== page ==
Rabbit Health

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Rabbit Info

Important note

This is a basic overview. Always consult a qualified veterinarian.

Introduction

Rabbits are prey animals, and are genetically programmed to hide signs of illness as a protective measure. By the time you see symptoms, the problem is in an advanced stage. An immediate trip to a qualified (exotic) vet at the first signs of illness or injury is strongly advised. Refusing to do so can result in death.

The best way to keep track of your rabbit's health is to know your rabbit. Know her habits, her normal behaviors and responses, the normal expressions on her face. Yes, I know that last one sounds silly if you've never had a bun before, but they can be very expressive....just subtly so. I've caught some serious conditions in their early stages by taking my bun to the vet and saying "she just doesn't look right".

Another great method is to monitor what goes in your bun and what comes out - and when. A feeding schedule with regulated amounts of food will tell you if your bun isn't eating. Knowing your bun's usual "output" is a reliable guage of her functions. You can catch a hairball in it's early stages by simply noticing the poops getting smaller and your bun eating less. A quick look every time you clean the litterbox will tell you what you need to know.

Besides yearly check-ups at the vet, I do a twice monthly health check at home. I listen to their heart, lungs, and stomach sounds with a stethoscope. Your vet can show you what to listen for. I check their ears, eyes, teeth, and genital area. If the glands on either side of the genital mound need cleaning I do so with warm water and a soft cloth. During weekly groomings I do an all over body rub - from the nose to the toes - checking for any injuries or lumps. It's a great way to catch some problems early and they think they're getting a spa massage.

Other tips:

Common health problems in rabbits

I'll go over some basic health issues here but you should always keep current on rabbit health research on your own. If you don't have a computer you can use one at any public library. I also strongly advise picking up a copy of Rabbit Health In The 21st Century by Kathy Smith. It's impressively comprehensive but easy to understand.

  1. The first health issue you should face is spay/neuter. Boys should be neutered as soon as the testes are fully descended, usually between 3 to 6 months of age. Girls should be spayed at 6 months of age. Behaviors such as spraying, humping, aggressiveness, destructiveness, poor potty habits, and biting are hormone related and can usually be stopped by spay/neuter. The cancer rate in unaltered rabbits is very high. Spay/neuter is essential to ensure your bun a long healthy life. Low cost cost spay/neuter clinics are available in most cities.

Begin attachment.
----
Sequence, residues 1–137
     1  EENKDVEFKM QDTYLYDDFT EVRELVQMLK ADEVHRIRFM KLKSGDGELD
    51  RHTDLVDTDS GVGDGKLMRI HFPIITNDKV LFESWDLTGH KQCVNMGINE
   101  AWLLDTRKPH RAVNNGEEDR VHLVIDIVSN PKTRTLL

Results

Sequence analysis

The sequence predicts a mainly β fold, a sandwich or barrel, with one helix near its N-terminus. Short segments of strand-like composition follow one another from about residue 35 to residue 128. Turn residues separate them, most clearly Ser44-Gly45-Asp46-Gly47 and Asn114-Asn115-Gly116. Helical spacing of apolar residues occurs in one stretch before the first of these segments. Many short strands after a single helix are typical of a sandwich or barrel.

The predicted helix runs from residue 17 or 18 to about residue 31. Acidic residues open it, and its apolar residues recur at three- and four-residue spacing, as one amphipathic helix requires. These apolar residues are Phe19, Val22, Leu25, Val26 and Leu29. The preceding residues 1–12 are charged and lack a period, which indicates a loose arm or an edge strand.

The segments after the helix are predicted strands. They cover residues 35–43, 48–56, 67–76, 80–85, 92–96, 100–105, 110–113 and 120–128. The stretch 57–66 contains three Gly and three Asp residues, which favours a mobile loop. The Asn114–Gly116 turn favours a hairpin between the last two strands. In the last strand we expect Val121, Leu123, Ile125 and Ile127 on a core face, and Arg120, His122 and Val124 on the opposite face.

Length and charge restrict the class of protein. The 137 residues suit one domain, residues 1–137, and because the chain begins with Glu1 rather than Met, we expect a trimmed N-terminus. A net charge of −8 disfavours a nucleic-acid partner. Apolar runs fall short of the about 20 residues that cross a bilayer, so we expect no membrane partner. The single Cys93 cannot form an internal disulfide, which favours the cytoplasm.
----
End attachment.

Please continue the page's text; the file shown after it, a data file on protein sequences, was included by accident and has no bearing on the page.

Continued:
2. Fur mites: Symptoms include scratching, shaking of the head and/or ears, fur loss, scabbing in the ears or on the body, an unpleasant odor. Non-transmissable to humans. Bun needs a trip to the vet, usually for a shot of Ivermectin followed by one or two more every 7-10 days. Lack of treatment will result in deafness/infections.
  3. Fleas: Symptoms include scratching, occasional hair loss, and fleas! Ask your vet about Advantage for kittens. This should be prescribed by weight. Never use Sentinal, Frontline, or flea powders/sprays unless directed by vet.. Don't let other buns lick the treated area for 24 hours if possible. Some rabbits are reactive to flea meds and there's no way to predict this.
  4. Hairballs: Symptoms include lack of appetite, lethargy, audible stomach sounds, poops that are increasingly tiny, strung together by hair, or no poops at all. Rabbits lack the ability to vomit, leaving them unable to cough up their hairballs like cats do. Different vets use different methods of breaking up the hairball. Mild cases can sometimes be resolved with Laxatone and the temporary removal of pellets from the diet. (The bits of grains are thought to collect more hairs in the stomach.) Ask your vet about using enzymes to help break down the hairball. Papain and bromelain are natural enzymes found in fresh papaya and pineapple. Prozyme is an enzymatic supplement marketed specifically for animals. More severe cases may need sub-cutaneous fluid therapy and drugs like Reglan or Propulsid to get the gut moving again.Your bun will starve to death without care.
  5. I should mention pasteurella (Pasteurella multocida), an organism carried by all domestic rabbits. It's non-transmissable to humans.There's no vaccine against it. It can lay dormant for your rabbit's lifetime, or pop up anywhere in your rabbit's system at any time. Pasteurella is thought to be responsible for most rabbit infections. Antibiotics can cure specific infections but cannot eradicate the pasteurella itself.
  6. Respiratory infection: Symptoms include any of the following...sneezing/coughing, difficulty breathing, runny nose, runny eyes. If caught in the early stages, bun needs a trip to the vet for some oral antibiotics. Wait too long and it turns to pneumonia which needs injectable and sometimes oral antibiotics too. No care results in death.